From the Interim Rector - February 25
This week we have reached some significant milestones. As of this Sunday, with the exception of a few services in September and October of last year, we have not met for Holy Eucharist for a full year. We have not had in-person Sunday School. We have not had in-person Coffee Hour. The choir has not sung. We have not been together in all the ways in which a parish community would normally be together. It’s also been a year since I was hospitalized for Covid-19. On the day I was admitted to the hospital there were less than 30 reported cases of Covid in the city of New York. As of today, a year later, 701,000+ New Yorkers are known to have contracted this virus. And, as we know from the news this week, a year into this pandemic we have exceeded 500,000 deaths in the United States. So many times over the last year I have been reminded of James 4:14. James writes: “You do not even know what tomorrow will bring. What is your life? For you are a mist that appears for a little while and then vanishes.”
In addressing this grim milestone our President asked that we not become numb to the sorrow. Knowing his own life’s journey through grief and his deep faith as we do, we know he knows of what he speaks. This pandemic has brought great sorrow to millions of people. Sorrow at the death of loved ones. Sorrow at the loss of jobs, even of entire careers and businesses. Sorrow at the isolation we have had to endure in an effort to keep ourselves and one another safe. Sorrow at missed graduations, postponed weddings, and all the other stages of life that we celebrate with family and friends. In the midst of so much sorrow on so many levels and in so many places in our lives it would be easy to grow numb. And yet, as people of faith we know that the sorrow we experience is in truth the affirmation of life. At the Commendation of the Departed contained in the Burial Rite of our church the Celebrant speaks the words: “All we go down to the dust, yet even at the grave we make our song: Alleluia, Alleluia, Alleluia.” How? How can we say alleluia in the midst of all that we have lost. How can we say alleluia if we truly are just “a mist that appears for a little while and then vanishes”? Because, in the words of the Apostle Paul to the Galatians, the life we live we live by faith in Jesus Christ who loves us and gave himself for us. Because, again quoting Paul, we are not our own. We have been bought with a price—the price of God’s inescapable love that claims us as God’s own.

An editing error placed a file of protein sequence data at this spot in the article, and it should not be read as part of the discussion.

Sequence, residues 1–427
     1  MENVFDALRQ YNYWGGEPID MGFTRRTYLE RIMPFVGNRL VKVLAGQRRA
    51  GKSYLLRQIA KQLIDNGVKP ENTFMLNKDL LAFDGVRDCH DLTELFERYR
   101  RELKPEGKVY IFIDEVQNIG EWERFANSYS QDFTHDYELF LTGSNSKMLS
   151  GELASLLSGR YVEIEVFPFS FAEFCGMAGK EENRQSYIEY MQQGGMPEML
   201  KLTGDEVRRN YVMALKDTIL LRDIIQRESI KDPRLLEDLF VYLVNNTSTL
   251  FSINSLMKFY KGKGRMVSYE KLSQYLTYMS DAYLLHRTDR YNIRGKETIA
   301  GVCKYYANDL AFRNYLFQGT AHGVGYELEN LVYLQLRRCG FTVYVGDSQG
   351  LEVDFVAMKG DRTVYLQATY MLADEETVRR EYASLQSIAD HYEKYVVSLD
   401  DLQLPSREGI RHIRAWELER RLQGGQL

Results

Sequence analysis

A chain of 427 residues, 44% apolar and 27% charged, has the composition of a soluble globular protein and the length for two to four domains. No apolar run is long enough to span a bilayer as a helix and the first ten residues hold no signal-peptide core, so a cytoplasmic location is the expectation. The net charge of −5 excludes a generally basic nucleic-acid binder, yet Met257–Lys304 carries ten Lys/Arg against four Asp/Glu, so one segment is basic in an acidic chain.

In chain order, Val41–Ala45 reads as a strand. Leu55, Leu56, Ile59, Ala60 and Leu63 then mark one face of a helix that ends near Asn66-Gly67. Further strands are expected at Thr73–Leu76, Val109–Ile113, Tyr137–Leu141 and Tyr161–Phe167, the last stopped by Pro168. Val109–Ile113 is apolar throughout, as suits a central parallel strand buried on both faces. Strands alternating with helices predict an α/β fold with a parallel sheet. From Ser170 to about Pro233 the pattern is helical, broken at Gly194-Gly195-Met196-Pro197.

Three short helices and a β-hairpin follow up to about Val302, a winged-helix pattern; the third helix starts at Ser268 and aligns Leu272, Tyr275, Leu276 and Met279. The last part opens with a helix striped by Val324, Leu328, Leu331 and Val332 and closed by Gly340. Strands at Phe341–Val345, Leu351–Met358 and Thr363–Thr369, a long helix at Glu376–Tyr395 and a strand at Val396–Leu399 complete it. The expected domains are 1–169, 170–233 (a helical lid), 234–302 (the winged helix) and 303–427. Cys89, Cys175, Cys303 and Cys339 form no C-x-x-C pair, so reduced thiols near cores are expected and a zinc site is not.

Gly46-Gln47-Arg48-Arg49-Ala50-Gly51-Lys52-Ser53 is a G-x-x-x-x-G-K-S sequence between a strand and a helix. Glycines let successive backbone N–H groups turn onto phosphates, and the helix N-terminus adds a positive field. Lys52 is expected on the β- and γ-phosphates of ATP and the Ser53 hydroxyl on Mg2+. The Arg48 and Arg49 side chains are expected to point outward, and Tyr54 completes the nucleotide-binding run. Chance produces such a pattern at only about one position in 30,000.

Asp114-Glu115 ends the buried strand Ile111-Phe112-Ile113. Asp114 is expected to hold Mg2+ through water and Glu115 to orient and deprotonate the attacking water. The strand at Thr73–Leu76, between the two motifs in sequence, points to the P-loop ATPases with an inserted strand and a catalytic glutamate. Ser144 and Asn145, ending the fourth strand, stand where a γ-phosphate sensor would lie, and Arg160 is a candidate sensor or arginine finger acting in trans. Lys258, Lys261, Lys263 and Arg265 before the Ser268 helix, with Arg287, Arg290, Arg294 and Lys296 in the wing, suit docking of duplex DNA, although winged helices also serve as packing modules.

The affirmation of life that sorrow brings with it is the affirmation that God has created us to be creatures that actively co-create with God a world in which each life is celebrated, each life is valued, each life is recognized as an extension of our own life so that loving our neighbor as ourselves is as simple as loving ourselves. Our collective sorrow and our individual sorrows give us hope in the midst of loss, courage in the face of uncertainty, and life more abundant and free. That is why we can make our song. Even at the grave of over 500,000 of our neighbors.